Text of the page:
Developing an engaging workplace-training programme when your staff are spread out all over the country – or the world – can be a real challenge. Burak Samantir and Niyazi Arda Aygul from “İşbank”, Turkey’s largest bank, saw that technology presented a unique approach to addressing this issue. They developed the award-winning strategy game “İşVille”, which allows employees to learn about the range of İşbank’s retail banking products at their own pace and trains them in important banking services through practical exercises.
In their session “Gamification and Engagement at Work” at OEB MidSummit conference on June 8th, Burak Samantir and Niyazi Arda Aygul will demonstrate a live demo of the game and, with Atish Gonsalves, discuss the possibilities gamification and simulation learning present in education and training. We spoke with Burak Samantir and Niyazi Arda Aygul about the potential of gamification and the challenges they faced when implementing İşVille.
How did the idea of developing İşVille emerge?
Games have always excited us in our daily lives. As people who have been engaged in games for a long time, we have been eager to be able to apply this concept to our bank processes as well.
Internal audit reports and results of mystery-consumer research revealed that our employees needed support with retail banking products and services in a fast-changing environment in order to improve the customer-focused services we offer to our clients. Producing solutions to address this proved very difficult since we had to consider many variables such as cost-effectiveness, choice of medium for accessibility, etc.
We initially held long meetings and brainstorming sessions with the design team to discuss the creation of a wide variety of game scenarios, most of which were eliminated in the process of developing the basic design principles of İşVille. This alone took approximately four weeks.
When a game is created by management, it may come across as being “mandatory fun”. With this in mind, can you shed light on your views regarding the importance of involving employees in the game’s evolution?
The fun and engagement aspects of the game were our primary focus when designing it. We believe it is crucial to shape the game’s mechanics taking the target group’s views and needs into consideration.
In the game’s initial design stages, we benefited greatly from the input of the employees who work in our branches and headquarters – who, of course, are the game’s main target audience. Listening to their feedback, we made radical changes in the design principles we had initially planned.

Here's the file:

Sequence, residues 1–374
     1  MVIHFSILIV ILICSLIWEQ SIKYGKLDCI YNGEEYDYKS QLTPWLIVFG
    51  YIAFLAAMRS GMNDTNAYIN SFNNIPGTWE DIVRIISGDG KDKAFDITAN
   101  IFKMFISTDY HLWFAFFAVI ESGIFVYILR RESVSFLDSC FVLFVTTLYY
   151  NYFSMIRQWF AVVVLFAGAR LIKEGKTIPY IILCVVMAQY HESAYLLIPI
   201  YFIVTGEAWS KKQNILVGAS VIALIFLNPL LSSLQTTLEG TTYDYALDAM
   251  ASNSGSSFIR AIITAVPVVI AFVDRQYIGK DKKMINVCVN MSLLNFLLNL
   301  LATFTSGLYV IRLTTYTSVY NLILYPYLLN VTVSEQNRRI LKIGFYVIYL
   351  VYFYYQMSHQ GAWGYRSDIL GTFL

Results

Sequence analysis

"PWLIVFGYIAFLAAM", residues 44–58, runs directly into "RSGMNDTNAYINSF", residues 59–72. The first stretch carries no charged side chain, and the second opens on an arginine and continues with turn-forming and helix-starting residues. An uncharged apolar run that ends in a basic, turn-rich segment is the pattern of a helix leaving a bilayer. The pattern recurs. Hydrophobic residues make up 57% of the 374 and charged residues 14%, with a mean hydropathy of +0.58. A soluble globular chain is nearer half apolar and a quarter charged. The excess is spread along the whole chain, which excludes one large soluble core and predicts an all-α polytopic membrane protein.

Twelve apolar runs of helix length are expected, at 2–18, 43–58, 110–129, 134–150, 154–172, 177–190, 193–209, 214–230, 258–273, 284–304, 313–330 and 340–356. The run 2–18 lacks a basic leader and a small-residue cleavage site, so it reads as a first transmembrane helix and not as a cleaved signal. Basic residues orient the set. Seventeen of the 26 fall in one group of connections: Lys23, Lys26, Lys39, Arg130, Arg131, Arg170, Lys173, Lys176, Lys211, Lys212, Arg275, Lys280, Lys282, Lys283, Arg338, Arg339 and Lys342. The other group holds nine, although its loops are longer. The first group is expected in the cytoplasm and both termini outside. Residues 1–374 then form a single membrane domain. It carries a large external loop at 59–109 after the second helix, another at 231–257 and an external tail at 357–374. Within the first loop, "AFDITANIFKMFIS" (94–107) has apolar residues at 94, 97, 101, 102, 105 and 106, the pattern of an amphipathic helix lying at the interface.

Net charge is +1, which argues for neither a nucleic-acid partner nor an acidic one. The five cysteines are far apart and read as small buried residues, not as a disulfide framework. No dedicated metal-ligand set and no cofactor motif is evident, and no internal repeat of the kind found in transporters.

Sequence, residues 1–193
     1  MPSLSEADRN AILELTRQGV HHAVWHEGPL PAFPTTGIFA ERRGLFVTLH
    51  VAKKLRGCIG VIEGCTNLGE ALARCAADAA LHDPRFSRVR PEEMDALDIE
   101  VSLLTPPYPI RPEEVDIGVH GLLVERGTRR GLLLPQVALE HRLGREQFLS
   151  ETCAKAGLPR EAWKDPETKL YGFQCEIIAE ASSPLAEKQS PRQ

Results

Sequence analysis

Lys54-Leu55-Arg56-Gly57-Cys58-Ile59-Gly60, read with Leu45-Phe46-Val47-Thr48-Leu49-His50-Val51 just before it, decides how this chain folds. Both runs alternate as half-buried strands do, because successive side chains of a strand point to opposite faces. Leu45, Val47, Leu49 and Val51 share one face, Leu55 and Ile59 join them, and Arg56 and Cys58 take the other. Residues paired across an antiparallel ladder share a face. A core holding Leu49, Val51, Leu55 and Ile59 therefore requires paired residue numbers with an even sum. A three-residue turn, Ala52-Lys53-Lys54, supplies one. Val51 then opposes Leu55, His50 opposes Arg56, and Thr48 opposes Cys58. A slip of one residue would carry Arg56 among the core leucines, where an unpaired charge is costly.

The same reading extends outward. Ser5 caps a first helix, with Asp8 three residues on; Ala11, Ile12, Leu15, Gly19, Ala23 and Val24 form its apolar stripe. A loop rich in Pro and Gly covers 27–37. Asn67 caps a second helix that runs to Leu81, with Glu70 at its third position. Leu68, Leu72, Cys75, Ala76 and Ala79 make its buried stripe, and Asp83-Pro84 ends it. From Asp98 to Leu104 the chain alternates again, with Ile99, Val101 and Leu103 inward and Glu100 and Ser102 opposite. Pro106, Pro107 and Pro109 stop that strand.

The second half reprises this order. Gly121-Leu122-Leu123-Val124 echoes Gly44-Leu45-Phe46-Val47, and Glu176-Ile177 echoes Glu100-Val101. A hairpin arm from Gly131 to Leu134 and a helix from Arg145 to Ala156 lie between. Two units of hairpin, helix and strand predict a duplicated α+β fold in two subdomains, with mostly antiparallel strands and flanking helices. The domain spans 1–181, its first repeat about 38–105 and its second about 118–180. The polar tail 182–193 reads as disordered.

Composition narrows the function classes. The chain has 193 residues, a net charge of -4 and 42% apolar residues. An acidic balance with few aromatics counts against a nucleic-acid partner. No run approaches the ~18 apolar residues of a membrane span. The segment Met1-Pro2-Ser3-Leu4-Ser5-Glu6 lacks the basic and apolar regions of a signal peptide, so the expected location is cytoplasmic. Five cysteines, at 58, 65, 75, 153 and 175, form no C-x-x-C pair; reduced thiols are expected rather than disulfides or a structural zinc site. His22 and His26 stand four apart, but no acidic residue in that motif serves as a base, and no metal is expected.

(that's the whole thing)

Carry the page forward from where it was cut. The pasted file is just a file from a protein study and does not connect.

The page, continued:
Moreover, in response to interviews with the first period’s successful players, we made significant improvements in the game statistics by making important changes such as increasing the daily gaming time, making rival banks more aggressive, and increasing the number of questions. We also allowed for comments – with players’ feedback – on the game’s mobile-app pages.
The relevance of including the bank’s employees in the game’s design process was seen in the 6.5 million questions they answered and the positive comments they made about the game.
What was the most surprising challenge you had to overcome when developing İşVille?
When we first published the game, we planned that it would be actively playable for about 1.5 months. We also determined the levels of the game so that we could keep our players engaged during this time. At least this was our assumption.
Some of our players played the game very differently than the strategies we had used in the tests, and they reached the final level of the game in a very short time. This was a major surprise for us.
In order to overcome this, we quickly had to review the design principles, such as the highest game level and some other elements, thereby extending the duration of playing.
This taught us that the tests and prototypes made would not overlap with the real gamers’ behaviour and that we should always be ready for a surprise in the implementation of a gamification project.
How did İşbank’s employees respond to İşVille? Was there a change in their reaction from the initial implementation to the end of the project?
Since İşVille was our bank’s first gamification project, at first we had a lot of employees who logged into the game because they were curious about it. In the following days, the game’s learning function came to the forefront, and we observed that we were able to preserve the curiosity and interest shown at the beginning. Statistics also supported this. For example, the number of game logins and the number of problems solved increased quickly.
The risk of gamification may be that a focus on performance metrics leads to employees just pursuing performance metrics. Do you have tips on how this can be avoided?
More than one performance metric was used in İşVille, but each and every one was designed to serve the game’s learning objectives. As a result, players made progress in performance metrics while being required to develop strategies matching the game’s main objective.
For example, İşVille’s main goal was for employees to learn about our bank’s products, and we set the scores obtained in this realm as a direct performance metric. We also encouraged players to expand the area in which they operate with the points earned by solving the problems. Thus, we made it possible for players to experience all the game’s mechanics during the answering process.